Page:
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Finding the fizz: Prosecco in Italy

BY Citalia Partnership

18th Jun 2023 Drinks

4 min read

Finding the fizz: Prosecco in Italy
Ever wondered where your favourite bubbly celebratory drink comes from? Citalia invites you to come and drink prosecco at the source.
Compared with costly French champagne and without the reputation of blended Spanish cava, prosecco is an accessible everyday luxury that we have come to love. It even has its own annual national day (13th August, in case you’re wondering).
To drink Italian prosecco is indulgence without extravagance, while remaining light and easy on the palate. Just below the mighty Dolomite Mountains, the hills are a gorgeous palette of lush green vineyards, tucked between the towns of Asolo and Conegliano, with the town of Valdobbiadene at the heart of prosecco production.
If you search for the Prosecco Superiore Hills on a map, you won’t easily find them, as it’s a collective term for the area where prosecco originates from. They are surprisingly central, resting in the northeastern region of Veneto, just an hour’s drive from Venice and two and a half hour’s drive from Lake Garda.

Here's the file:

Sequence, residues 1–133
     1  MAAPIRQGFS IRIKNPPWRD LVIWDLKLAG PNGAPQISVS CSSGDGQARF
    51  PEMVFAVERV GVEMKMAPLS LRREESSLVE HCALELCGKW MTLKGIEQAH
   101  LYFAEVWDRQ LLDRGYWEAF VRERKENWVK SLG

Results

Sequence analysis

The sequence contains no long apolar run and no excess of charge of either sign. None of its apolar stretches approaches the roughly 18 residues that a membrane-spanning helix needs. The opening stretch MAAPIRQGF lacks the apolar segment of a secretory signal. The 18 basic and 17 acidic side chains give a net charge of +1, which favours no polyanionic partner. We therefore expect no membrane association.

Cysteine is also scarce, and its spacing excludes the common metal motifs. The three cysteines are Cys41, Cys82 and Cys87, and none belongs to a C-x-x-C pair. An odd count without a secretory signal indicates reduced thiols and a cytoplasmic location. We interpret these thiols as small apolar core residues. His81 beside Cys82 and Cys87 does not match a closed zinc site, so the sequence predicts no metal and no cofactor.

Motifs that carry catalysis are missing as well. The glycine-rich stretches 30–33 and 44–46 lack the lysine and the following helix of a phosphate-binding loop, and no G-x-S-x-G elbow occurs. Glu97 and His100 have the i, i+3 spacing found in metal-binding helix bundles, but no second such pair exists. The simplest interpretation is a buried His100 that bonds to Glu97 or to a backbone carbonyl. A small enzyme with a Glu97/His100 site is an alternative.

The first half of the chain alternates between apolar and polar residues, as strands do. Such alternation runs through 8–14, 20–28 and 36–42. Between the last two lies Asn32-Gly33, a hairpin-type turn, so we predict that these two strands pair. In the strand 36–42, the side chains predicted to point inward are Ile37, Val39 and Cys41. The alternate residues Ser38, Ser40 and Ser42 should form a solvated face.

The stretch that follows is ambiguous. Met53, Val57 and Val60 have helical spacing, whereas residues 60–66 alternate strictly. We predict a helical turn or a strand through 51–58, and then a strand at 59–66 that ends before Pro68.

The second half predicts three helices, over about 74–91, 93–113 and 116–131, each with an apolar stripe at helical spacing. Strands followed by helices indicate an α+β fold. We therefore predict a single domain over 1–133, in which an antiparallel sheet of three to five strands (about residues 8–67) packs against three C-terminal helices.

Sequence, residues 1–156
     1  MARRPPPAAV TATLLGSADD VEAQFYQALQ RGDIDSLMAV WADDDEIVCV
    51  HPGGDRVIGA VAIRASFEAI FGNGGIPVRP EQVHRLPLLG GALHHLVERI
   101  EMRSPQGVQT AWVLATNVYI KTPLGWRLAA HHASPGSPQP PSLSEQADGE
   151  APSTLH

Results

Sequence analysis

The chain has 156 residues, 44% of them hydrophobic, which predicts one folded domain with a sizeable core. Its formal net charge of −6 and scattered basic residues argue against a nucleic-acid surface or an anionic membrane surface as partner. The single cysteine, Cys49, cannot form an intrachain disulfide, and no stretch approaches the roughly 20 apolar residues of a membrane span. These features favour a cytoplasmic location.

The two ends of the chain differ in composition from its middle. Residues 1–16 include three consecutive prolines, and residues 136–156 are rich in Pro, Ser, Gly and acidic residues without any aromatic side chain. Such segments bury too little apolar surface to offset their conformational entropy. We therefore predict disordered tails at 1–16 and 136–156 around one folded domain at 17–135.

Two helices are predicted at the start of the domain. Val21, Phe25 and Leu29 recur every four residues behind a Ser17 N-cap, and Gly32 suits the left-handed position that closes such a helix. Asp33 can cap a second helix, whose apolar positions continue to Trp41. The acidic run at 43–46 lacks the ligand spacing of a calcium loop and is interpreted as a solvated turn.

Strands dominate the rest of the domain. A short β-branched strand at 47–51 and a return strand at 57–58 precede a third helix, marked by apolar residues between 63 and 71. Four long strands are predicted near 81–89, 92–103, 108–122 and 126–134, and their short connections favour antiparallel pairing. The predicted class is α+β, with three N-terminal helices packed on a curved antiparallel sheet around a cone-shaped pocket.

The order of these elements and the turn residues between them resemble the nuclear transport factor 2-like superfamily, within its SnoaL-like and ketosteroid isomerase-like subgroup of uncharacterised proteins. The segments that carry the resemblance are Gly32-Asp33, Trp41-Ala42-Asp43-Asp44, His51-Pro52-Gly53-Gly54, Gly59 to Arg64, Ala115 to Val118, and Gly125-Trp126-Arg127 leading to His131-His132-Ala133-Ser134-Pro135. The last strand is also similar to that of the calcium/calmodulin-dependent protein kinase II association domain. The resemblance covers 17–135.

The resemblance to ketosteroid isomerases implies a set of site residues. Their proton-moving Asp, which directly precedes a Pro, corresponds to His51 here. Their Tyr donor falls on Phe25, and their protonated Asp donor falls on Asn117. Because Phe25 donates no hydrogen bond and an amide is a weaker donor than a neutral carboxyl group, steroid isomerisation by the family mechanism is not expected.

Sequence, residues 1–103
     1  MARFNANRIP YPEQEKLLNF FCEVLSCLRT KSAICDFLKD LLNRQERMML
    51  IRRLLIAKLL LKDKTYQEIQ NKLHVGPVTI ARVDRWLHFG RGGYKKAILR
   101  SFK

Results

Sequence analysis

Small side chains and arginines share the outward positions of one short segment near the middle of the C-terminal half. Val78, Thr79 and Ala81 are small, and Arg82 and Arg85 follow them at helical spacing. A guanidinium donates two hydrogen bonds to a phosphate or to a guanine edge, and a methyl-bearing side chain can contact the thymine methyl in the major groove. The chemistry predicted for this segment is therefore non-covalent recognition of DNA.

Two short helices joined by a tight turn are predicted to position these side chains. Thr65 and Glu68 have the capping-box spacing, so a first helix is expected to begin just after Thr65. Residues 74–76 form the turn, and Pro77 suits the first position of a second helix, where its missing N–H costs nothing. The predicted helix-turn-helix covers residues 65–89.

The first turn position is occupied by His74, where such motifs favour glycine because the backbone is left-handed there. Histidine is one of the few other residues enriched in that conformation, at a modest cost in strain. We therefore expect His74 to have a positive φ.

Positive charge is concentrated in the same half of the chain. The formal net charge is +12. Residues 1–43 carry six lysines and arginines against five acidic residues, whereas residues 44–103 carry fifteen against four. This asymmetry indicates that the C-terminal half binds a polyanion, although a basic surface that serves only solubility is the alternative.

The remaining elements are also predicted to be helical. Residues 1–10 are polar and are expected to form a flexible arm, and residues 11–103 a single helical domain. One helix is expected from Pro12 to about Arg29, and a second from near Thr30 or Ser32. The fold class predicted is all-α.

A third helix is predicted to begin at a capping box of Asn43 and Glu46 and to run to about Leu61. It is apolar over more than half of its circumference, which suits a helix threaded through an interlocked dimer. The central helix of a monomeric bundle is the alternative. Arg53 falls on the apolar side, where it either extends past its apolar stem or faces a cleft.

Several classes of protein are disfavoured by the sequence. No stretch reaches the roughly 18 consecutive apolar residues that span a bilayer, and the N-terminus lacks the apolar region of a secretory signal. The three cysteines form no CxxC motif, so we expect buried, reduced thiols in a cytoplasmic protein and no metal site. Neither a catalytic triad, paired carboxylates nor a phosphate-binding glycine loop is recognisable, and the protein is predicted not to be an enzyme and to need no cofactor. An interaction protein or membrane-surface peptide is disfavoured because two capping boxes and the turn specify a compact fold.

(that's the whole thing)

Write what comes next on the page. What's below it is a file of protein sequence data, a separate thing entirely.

Prosecco owes its life to Conegliano, which was home of Italy’s first school of winemaking, The School of Oenology. Established in 1876, the school continues to exist and train today’s winemakers and also now hosts an oenology museum.
This region boasts Italy’s oldest wine road, which is today simply known as Prosecco Road, and runs for 20 miles. On the route, you’ll find a small village called Prosecco, which gave its name to the drink.
In 2019, these vineyards of the Prosecco Superiore Hills became a UNESCO World Heritage site, due to their distinctive and historic shape, where long narrow ridges of steep slopes meet. This is caused by the ciglioni, small vine plots, that farmers worked by hand since the 17th century, and the 19th century bellussera system of training vines to grow overhead.
Image of hills with wine vineyards

Prosecco production

You’ll find over 180 wineries within the Prosecco Superiore Hills area, which you can taste your way around and learn about prosecco production in style.
The majority of prosecco uses the Italian charmant (tank) method, in which the fermented wine goes through a secondary fermentation in large steel tanks instead of in the bottle, reducing contact with the lees (yeast sediment). This is what makes prosecco youthful and bright, releasing the freshness and aroma of the Glera grape.
As with most wine, prosecco from this region now follows strict DOC and DOCG appellations, guaranteeing quality. To be called prosecco in Italy, the drink must be produced using at least 85% Glera grape.
Prosecco winemakers have an appetite for experimentation. For something a little unusual we recommend you try Prosecco Col Fondo, a brut prosecco frizzante that is a more naturally produced variety (pétillant naturel or pét-nat) in which the grapes ferment within the bottle over a few years. The result is a distinct wine that’s become a favourite of sommeliers.